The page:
"... YOU EXPRESSLY AGREE THAT YOUR USE OF, OR INABILITY TO USE, THE APPLE MUSIC SERVICE IS AT YOUR SOLE RISK. THE APPLE MUSIC SERVICE AND ALL PRODUCTS AND SERVICES DELIVERED TO YOU THROUGH THE APPLE MUSIC SERVICE ARE (EXCEPT AS EXPRESSLY STATED BY APPLE) PROVIDED “AS IS” AND “AS AVAILABLE” FOR YOUR USE, WITHOUT WARRANTIES OF ANY KIND, EITHER EXPRESS OR IMPLIED... IN NO CASE SHALL APPLE, ITS DIRECTORS, OFFICERS, EMPLOYEES, AFFILIATES, AGENTS, CONTRACTORS, OR LICENSORS BE LIABLE FOR ANY DIRECT, INDIRECT, INCIDENTAL, PUNITIVE, SPECIAL, OR CONSEQUENTIAL DAMAGES ARISING FROM YOUR USE OF THE APPLE MUSIC SERVICE OR FOR ANY OTHER CLAIM RELATED IN ANY WAY TO YOUR USE OF THE APPLE MUSIC SERVICE, INCLUDING, BUT NOT LIMITED TO, ANY ERRORS OR OMISSIONS IN ANY CONTENT..."
Mr. Pinkstone recovered his original music from backups he had made of his laptop's hard drive. He concluded:
"... So my files were temporarily restored; but the only way to prevent this from happening over and over, according to Amber, was to cancel my subscription to Apple Music (which she herself doesn’t use due to the above-listed reasons) and to make sure my iCloud settings did not include storing any music backups."
Are Mr. Pinkstone's complaints valid? Macworld disagrees:
"How Apple's music services all work is a little confusing, but in no way is the company interested in getting rid of your music library... James Pinkstone, writing on his company’s blog, tells a tale of losing 122GB of music files because of Apple Music. Plenty of websites are trumpeting this story, saying that Apple Music is the big bad wolf. But I’m afraid that isn’t the case. The author of this blog post begins by citing a bit of a conversation he had with one Amber, an Apple tech support person... Amber is wrong. Neither Apple Music nor iCloud Music Library deletes music files. This simply doesn’t happen.
I’m not contesting what happened to Mr. Pinkstone. iTunes is nothing if not problematic, as you can see regularly in my Ask the iTunes Guy column. But if Apple Music—or more correctly, in this case, iCloud Music Library—were rapturing music files of every user around the world, there would have already been a -gate controversy (musicgate? filegate?) and a class-action lawsuit. Heck, even Taylor Swift would have been unhappy, and penned an open letter to Apple.
I don’t know exactly what happened to this user. I contacted him by email trying to get more information, and he told me that he no longer uses Apple Music, so he really can’t help elucidate the issue. There are a few hypotheses circulating about what may have happened, and none of them make total sense. Something deleted his music files—including music he composed—and it’s hard to figure out what was responsible. But it wasn’t Apple Music, and Apple certainly did not “steal” his music."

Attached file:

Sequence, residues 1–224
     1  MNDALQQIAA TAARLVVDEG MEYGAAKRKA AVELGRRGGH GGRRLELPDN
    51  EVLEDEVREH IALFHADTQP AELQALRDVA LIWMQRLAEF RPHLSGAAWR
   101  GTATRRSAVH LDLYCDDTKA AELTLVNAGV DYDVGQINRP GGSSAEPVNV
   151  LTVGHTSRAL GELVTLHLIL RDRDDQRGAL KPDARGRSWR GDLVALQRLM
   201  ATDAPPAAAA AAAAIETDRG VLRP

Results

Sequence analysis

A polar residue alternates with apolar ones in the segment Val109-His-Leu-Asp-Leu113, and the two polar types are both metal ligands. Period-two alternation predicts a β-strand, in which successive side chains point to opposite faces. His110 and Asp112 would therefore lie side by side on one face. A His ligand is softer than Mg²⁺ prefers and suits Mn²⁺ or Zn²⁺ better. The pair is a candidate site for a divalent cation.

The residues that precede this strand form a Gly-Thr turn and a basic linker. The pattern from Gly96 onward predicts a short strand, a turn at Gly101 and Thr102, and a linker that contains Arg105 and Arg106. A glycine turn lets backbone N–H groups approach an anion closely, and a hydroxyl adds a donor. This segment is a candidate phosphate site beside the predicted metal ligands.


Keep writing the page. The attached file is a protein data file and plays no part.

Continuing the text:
So, who is right: Mr. Pinkstone or Macworld? Regardless, it seems wise to understand the differences between Apple Music and iTunes Match; and how both work with iCloud Music Library. Apple clearly stated:
"Apple Music and iTunes Match are not backup services for your original music library. Be sure to back up your music library so that you have a copy of your music and other information if your Mac or PC is ever replaced, lost, or damaged... Your Apple Music membership includes an iCloud Music Library, which allows you to enjoy your entire music library from all of your devices... You can use Apple Music and iTunes Match together. When you subscribe to both services, your iCloud Music Library will make available 256 Kbps DRM-free AAC files only for songs matched using iTunes on your Mac or PC. Songs that can’t be matched are uploaded from iTunes to your iCloud Music Library and stored in iCloud in their uploaded form..."
Macworld also discussed the three services. Apple is known for providing intuitive, easy-to-use products and services. Consumers pay a price premium for that.
Until this gets sorted out (hopefully with a statement from Apple), Mr. Pinkstone's experience is a cautionary tale for consumers who mix subscription and downloaded (e.g., purchased) music files. The applies especially for artists who create their own proprietary music:
- Read the fine print for subscription music service before subscribing. Understand what content is stored, reformatted, copied, and/or deleted and the circumstances. Understand the service's syncing or matching policy and available controls; especially if syncing means merge/purge.
- Backup all of your devices (e.g., desktop, laptop, tablet, phone) to a media or destination you control. Do this whether your subscribe to a music subscription service or not. Two terabyte external hard drives are inexpensive.
- Music you create is your proprietary property. Protect it accordingly. Read contract terms before subscribing. If the terms aren't available before purchase, don't subscribe. If the terms put your property at risk, don't subscribe.
- Read reviews before subscribing. Learn from other consumers' experiences, good or bad. Ensure the review site includes customer-written content or trustworthy expert reviews.
- Assess whether the music service fits your lifestyle. The way the service stores, formats, matches, and syncs your music files may or may not meet your needs. If it does, great. If it doesn't, it may not benefit you. Only you can decide.
I prefer services that keep me in direct control of my files, and request my permission before making any changes. Services that think for me often include an implicit loss of control. Some people view that as convenience. I don't. This is the crux of item #5. You know best if you're a control freak. If the music subscription service keeps you in control, great. If not, then you may not want to subscribe.
I doubt that we have heard the end of this story. What are your opinions? If you have experienced a situation similar to Mr. Pinkstone's, please share it below.